(there are of course also very good arguments in favour of rebasing, but my point is simply that it isn't strictly necessary in a "complete" version control system)

        • gspr a month ago

          Of course it isn't necessary. It's just extremely useful. Of course it rewrites history, and I abhor rewriting shared history, but it's extremely useful to be able to rewrite your own private history!

          • funklute a month ago

            > Of course it isn't necessary.

            Well....but you literally said above that there's a need for it. In a somewhat condescending tone. And now it's suddenly obvious that it's not necessary? Okay.

            • gspr a month ago

              It's possible to have a need for something even though that thing is not necessary.

              "Oh man, I really need a nice dinner right now" is impossible for you unless that dinner consists of the absolutely strictly minimum necessaries of nutrients in a gray tasteless slurry? Come on.

              • funklute a month ago

                And again, you could lose the condescending tone, thank you very much.

      • bergenty a month ago

        What do you mean? Why can’t you just pull down version 1.3 of a file by specifying the version number in the command?

    • Akronymus a month ago

      I use stashes all the time, when I realize I am working on the wrong branch.

      • dreamcompiler a month ago

        Stashes seem very mysterious to many people. They're one of the most sensible parts of git IMHO. They're just a stack of changes to your files.

        To me, rebases are the work of the devil and I never use them. To each their own I guess.

        • mariusor a month ago

          Personally I never understood why the stash needs to be a stack. I can't think of a time when the order in which changes have been stashed has mattered, outside of dropping the older ones.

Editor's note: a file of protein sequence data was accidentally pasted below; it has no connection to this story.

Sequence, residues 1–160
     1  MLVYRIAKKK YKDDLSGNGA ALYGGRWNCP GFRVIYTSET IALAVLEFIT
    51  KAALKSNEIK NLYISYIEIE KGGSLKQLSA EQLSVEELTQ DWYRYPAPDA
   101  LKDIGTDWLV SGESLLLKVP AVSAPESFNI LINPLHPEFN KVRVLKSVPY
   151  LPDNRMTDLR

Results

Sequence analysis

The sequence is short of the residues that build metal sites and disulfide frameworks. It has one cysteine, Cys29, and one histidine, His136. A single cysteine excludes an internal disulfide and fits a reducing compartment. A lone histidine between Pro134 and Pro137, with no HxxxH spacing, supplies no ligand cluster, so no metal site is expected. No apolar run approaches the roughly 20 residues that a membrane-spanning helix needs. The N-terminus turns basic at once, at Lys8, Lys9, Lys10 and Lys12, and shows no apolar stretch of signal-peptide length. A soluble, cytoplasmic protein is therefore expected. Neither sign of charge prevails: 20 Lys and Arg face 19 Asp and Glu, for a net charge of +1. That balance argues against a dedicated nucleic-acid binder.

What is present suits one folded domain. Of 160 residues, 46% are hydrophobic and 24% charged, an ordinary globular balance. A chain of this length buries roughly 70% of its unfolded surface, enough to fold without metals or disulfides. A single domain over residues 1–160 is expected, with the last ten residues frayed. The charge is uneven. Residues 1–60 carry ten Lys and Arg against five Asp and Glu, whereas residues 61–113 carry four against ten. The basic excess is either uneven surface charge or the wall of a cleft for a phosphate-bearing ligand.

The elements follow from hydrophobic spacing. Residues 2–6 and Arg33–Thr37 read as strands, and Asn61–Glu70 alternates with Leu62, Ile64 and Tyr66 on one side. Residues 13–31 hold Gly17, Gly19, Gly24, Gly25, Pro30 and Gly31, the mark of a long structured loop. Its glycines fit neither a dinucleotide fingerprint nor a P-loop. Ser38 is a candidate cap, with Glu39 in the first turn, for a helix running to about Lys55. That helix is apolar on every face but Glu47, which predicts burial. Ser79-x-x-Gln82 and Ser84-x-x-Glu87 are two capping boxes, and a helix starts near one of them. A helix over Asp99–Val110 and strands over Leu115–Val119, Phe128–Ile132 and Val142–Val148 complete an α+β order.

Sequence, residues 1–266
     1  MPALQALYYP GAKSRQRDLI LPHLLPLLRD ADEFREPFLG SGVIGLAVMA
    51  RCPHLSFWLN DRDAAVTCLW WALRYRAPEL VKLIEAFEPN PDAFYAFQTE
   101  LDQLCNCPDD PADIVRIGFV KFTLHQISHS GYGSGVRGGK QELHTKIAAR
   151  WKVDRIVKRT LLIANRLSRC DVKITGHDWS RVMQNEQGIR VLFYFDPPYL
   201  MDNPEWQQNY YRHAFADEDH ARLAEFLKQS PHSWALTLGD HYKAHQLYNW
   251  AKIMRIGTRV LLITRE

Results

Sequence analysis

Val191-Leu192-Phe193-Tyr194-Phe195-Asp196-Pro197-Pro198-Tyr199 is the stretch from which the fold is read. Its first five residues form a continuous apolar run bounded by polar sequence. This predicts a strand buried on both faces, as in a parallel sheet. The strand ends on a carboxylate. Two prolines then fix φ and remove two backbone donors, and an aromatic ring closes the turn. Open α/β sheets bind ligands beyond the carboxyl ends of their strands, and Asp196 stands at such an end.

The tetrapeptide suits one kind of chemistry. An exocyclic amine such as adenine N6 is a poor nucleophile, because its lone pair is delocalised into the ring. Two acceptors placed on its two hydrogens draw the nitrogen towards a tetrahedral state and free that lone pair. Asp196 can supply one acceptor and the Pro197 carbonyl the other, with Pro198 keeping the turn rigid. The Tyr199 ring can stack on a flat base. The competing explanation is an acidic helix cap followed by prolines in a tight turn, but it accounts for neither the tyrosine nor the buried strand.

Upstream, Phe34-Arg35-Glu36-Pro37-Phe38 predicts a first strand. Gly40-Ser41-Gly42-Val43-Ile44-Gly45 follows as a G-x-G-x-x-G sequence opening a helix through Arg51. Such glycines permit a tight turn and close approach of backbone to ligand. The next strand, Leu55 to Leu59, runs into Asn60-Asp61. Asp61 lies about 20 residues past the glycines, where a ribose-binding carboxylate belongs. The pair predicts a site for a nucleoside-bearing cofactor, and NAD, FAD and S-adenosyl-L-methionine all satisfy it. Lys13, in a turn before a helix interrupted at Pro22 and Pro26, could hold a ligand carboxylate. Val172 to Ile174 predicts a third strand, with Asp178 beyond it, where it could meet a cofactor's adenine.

• Akronymus a month ago

          > Stashes seem very mysterious to many people.

          Huh. For me, they were one of the most intuitive parts of git. Altough, it was a long time before I ever used more than 1 layer of stash at once. (And even then, I rarely do so nowadays)

  • PawBer a month ago

    You can treat the points in the article as those.

  • oconnore a month ago

    Perhaps, instead of trying to identify issues with git, think about how really deep team based collaboration works in other programs (say, online video games?) and then work backwards to see if there are opportunities in code collaboration tools.

    Of course, just making an IDE multi-player would introduce chaos. What if the tool solved that chaos?

  • drewcoo a month ago

    Yes. I am also asking "for a friend!"

  • spencerchubb a month ago

    that's what the whole rest of the article is about :)

chriswarbo a month ago

I like the patch-based approach of Pijul and Darcs: rearranging patches seems less fragile than rebasing snapshots.

I'd like to see git's content-based more integrated into projects like IPFS (and for IPFS to get their resource-usage down, so it can be run as a background task on my laptop!)

As for package management, Git and Nix work really well together: e.g. we can use `builtins.fetchGit` to fetch particular commits; and we can `import` Nix definitions from those git commits; and those definitions can fetch other repos, etc. so we get a Merkle tree of the exact code used by all of our dependencies. I also like to write commit IDs as default function arguments, which makes it easy to override any of these dependencies to use another commit.

  • pmeunier a month ago

    Pijul works quite differently from Darcs: the primary datastructure in Darcs is indeed a list of patches, and the main operation is rearrangement.

    Pijul is instead a CRDT, meaning that independent patches can be applied in any order without changing the result, which makes rearrangement unnecessary, and the system much faster.

pgt a month ago

Implicit branching in Pijul is a killer feature (IMO): https://pijul.org/

  • japanuspus a month ago

    Yes, came here to plug Pijul as well: for distributed version control, the "first-class conflicts" of Pijul seems to be a step in the right direction.

    For anyone who hasn't looked at Pijul, the theory part of the documentation [0] is well worth a read.

    [0]: https://pijul.org/manual/theory.html

    • vagab0nd a month ago

      How production-ready is Pijul? I heard about it some time ago and was super impressed. But apparently at the time it had issues, and was going to be re-written in a different language.

      • pmeunier a month ago

        Wow, you heard about Pijul years ago then.

        I believe it is production-ready, in the sense that there hasn't been any real bug in months. I'll remove the "beta" label when more people use it.